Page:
Monday, February 7, 2011

Peace with my dad

My dad was an army man and a strict disciplinarian. Growing up under him wasn’t easy. And once I was grown up, I couldn’t agree with Dad about a lot of things. Not daring to confront him, I would gripe and gripe behind his back.

Towards the end of the year 2000, I was at a camp for women. At a session, one of the resource persons spoke about how we tend to have unresolved anger against our parents, especially our fathers. She gave us an assignment: “Now everyone go back to your room and write a letter to your father.”

I spent a long time reflecting about my dad and my relationship with him. And with a lot of tears I wrote the following letter:

‘Dear Dad,
I’m so sorry that I have been carrying grudges against you in my heart for words you said to me in anger and human weakness. Yes, you often lost control of your temper, like I do with my own children. How mean and unkind of me to remember all those and still seethe over them! Forgive me, Dad. Forgive me, Lord Jesus.

I’m now thankful to you and to God that you gave me birth, that you and Mum were alive to bring me up, that you did so to the best of your ability and knowledge. I thank you for bringing me up to godliness, to ethical living.

I thank you for loving me, though you were never verbally open about it. I thank you for that lovely red Kashmiri coat you bought me when I was seven. It had pictures of owls embroidered along the button lines. Whenever I wore it I could feel your love embracing me.

But somehow, along the way, I grew hard and ungrateful. I even convinced myself that you don’t really love me. I blew up your faults to large proportions and undermined your virtues. I’m so sorry, Dad, and I love you.’

I’m so glad I made my peace with my dad before we re-located to far away Bangalore in 2004. We visited him before leaving. This is how he was:


When we visited him next in the summer of 2006, he had become like this:


Then he passed away just after midnight between 6th and 7th of February, 2007.

9 comments:

Calliopia said...

Oh mesjay, did you actually send this letter? It brought tears to my eyes. Parent-child relationships can be so tough, can't they? And though I had none with mine, I can imagine how many people might have issues with their dads because they aren't as openly caring and loving as mothers. I'm so glad you made your peace with him.

Gauri Gharpure said...

We talk a lot and most of my thinking has been shaped by the talks we have had while he dropped me to highschool, to late night parties, garba and so on. We talk a lot and yet his consistent complaint is that I don't sit and talk with him. This irritates me a lot at times, the sad child-like look of neglect he wears when he asks me to sit down beside him and talk. "Just talk", he says. My own life is progressing at my own pace and somehow I do not find time for them, that's unfair, that makes me feel guilty, but I cannot do enough some times.. But I think I'll sit down and talk some day, soon.

I digress. God is kind that he gives us so many chances to make amends, make peace. Lucky you.

illusionaire said...

Such a sad and touching post. It fills my heart with warmth to know that you have made peace with him before it was too late.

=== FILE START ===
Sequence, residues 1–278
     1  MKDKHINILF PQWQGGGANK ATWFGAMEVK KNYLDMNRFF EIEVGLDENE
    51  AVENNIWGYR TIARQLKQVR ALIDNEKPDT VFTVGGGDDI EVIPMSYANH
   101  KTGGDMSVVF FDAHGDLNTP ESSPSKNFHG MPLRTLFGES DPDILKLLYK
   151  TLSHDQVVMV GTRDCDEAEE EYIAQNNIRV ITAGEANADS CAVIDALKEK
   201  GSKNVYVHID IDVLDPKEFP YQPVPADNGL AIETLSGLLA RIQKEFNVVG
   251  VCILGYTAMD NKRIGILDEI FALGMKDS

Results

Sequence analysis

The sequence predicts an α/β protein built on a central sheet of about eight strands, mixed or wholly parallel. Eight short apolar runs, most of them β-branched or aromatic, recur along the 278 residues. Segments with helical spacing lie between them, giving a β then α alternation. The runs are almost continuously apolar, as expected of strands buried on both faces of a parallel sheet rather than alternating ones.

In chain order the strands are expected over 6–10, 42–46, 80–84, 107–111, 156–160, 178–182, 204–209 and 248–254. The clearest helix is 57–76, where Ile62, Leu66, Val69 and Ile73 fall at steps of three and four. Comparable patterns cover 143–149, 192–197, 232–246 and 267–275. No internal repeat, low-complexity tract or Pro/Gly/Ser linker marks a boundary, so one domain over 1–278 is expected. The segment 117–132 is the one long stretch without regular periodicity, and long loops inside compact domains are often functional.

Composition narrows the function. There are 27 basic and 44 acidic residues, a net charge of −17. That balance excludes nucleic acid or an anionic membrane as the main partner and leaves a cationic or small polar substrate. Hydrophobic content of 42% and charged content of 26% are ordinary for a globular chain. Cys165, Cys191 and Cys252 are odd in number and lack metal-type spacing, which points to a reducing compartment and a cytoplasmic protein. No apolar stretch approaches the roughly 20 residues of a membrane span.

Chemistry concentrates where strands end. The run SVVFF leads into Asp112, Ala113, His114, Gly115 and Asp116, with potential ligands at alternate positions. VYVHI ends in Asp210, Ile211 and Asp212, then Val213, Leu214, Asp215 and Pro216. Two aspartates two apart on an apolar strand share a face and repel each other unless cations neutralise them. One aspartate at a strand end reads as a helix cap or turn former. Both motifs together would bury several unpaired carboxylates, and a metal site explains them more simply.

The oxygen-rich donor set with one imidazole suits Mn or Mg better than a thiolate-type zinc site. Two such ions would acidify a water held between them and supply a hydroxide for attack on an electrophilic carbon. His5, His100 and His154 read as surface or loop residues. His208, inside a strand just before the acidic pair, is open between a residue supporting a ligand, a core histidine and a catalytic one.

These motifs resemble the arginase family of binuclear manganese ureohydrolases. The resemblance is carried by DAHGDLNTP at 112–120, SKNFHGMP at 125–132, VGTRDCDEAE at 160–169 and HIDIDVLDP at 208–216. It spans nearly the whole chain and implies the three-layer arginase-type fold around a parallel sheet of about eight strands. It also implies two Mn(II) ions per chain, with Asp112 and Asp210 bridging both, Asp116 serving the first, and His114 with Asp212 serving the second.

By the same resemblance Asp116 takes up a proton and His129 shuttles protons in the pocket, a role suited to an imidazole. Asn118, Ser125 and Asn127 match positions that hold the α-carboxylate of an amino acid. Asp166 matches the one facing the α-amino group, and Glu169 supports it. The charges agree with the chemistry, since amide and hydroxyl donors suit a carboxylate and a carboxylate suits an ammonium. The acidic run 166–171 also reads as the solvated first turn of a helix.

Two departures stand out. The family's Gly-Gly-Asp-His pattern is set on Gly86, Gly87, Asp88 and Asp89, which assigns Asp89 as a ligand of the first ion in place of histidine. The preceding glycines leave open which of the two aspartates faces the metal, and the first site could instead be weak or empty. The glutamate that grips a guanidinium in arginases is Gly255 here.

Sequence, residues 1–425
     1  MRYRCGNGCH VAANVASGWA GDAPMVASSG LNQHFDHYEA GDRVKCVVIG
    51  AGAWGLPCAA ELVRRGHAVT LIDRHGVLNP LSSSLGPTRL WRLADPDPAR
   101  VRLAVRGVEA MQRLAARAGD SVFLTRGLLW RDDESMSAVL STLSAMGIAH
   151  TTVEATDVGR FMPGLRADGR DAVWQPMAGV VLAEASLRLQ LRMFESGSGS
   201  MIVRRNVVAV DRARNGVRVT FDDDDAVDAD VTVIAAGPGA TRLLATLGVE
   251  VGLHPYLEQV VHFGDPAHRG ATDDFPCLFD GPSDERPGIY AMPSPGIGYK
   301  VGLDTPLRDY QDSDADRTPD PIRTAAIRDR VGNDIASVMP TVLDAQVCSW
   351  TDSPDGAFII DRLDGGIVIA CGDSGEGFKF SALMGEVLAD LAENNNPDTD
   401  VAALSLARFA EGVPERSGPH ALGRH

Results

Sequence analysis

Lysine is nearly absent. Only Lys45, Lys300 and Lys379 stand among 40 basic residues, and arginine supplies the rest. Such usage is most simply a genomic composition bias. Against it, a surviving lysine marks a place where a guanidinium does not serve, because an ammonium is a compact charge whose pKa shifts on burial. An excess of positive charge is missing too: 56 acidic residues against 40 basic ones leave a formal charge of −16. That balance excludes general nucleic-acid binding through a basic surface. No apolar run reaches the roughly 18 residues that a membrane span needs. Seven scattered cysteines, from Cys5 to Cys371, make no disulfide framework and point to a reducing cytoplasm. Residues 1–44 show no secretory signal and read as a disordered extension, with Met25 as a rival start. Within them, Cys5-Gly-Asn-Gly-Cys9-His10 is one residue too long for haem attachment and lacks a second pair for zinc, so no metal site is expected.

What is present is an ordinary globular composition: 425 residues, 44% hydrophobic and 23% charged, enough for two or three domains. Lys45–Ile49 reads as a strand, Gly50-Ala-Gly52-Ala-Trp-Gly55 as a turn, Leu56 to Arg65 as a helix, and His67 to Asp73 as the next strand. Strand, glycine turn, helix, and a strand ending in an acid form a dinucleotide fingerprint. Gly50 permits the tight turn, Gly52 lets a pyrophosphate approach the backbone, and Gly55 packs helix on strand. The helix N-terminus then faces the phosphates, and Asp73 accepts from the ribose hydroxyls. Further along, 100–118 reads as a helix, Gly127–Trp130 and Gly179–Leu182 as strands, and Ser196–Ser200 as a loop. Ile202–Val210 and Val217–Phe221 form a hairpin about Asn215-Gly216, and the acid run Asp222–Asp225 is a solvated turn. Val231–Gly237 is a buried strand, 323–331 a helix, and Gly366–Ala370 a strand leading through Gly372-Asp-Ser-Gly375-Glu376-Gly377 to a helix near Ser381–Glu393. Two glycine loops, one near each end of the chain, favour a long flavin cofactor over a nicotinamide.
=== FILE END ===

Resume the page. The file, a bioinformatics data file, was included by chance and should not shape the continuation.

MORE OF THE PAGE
Exactly 4 years ago. I can understand what you must be going through. Hope you are alright. God bless, pi mesjay.

Jerusha said...

Mes how beautiful and touching! I'm eating lunch now and I think I must look pretty funny with food in my eyes and tears in my eyes. I have many of those dad issues if I were to write a letter I don't think it would be an apology letter :P

Jerusha said...

* food in my mouth

blackestred said...

Seeing the two pictures brought a lump in my throat. It reminded me of how I felt one Xmas holiday, when I realised that my folks weren't as young and energetic as I had remembered. It was difficult to accept.
I think we all need to write such letters to remind ourselves that the cause of such unresolved anger against our parents can be pretty small compared to what they sacrificed for us.

VaiVa said...

Touching and thought provoking. Raised in a military background must have been tough. your dad reminds me of mine whom my elders in the family often complained of him when they narrated their childhood days even though he was never in military.

I have been serving in the military for more than ten years now, but when I think about my dad and his 'do this, do that' orders at the dining table, I am still just a recruit in discipline stuff.

kevin said...

This was a really fantastic post that I really do appreciate. This is something that is really amazing and interesting to me to say the least. small bamboo

mesjay said...

@Calliopia, in fact i never sent the letter because Dad didn't even know i had issues with him. But i later did try to verbally express my apprciation of what he did for us.

@Gauri, your dad seems to be very different from mine - open about his affection to you and taking time to talk. Do keep the warm relationship going, you won't have regrets later.

@Illusionaire, thanks for your genuine sympathy. Yes, i'm really glad i shed my grudges before it was too late. I'm at peace now though i do miss my dad.

@Jerusha, you too are emotional like me! The dad issues get resolved once we can think with a mature mind and understand where the dads are coming from. The things they say/do that hurt are often done with good intentions plus human weaknesses.


@Blackestred, it kind of hurts to realise for the first time that your parents are growing old, doesn't it? It reminds us that the days we have to love them are niubered.

@Vaiva, you too? May be we'll always be like new recruits to our disciplinarian fathers.

@Kevin, thanks for the visit and comment.